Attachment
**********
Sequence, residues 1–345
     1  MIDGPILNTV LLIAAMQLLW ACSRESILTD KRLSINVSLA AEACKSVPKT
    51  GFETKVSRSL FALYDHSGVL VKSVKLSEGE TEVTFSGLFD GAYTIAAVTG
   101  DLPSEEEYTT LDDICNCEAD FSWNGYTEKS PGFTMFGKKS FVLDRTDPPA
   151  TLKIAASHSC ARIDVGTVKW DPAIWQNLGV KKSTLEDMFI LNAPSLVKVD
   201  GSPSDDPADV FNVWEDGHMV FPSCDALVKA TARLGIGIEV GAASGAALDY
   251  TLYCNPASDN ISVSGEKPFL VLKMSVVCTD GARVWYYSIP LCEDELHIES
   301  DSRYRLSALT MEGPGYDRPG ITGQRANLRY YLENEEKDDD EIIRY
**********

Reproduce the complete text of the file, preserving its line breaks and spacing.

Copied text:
Sequence, residues 1–345
     1  MIDGPILNTV LLIAAMQLLW ACSRESILTD KRLSINVSLA AEACKSVPKT
    51  GFETKVSRSL FALYDHSGVL VKSVKLSEGE TEVTFSGLFD GAYTIAAVTG
   101  DLPSEEEYTT LDDICNCEAD FSWNGYTEKS PGFTMFGKKS FVLDRTDPPA
   151  TLKIAASHSC ARIDVGTVKW DPAIWQNLGV KKSTLEDMFI LNAPSLVKVD
   201  GSPSDDPADV FNVWEDGHMV FPSCDALVKA TARLGIGIEV GAASGAALDY
   251  TLYCNPASDN ISVSGEKPFL VLKMSVVCTD GARVWYYSIP LCEDELHIES
   301  DSRYRLSALT MEGPGYDRPG ITGQRANLRY YLENEEKDDD EIIRY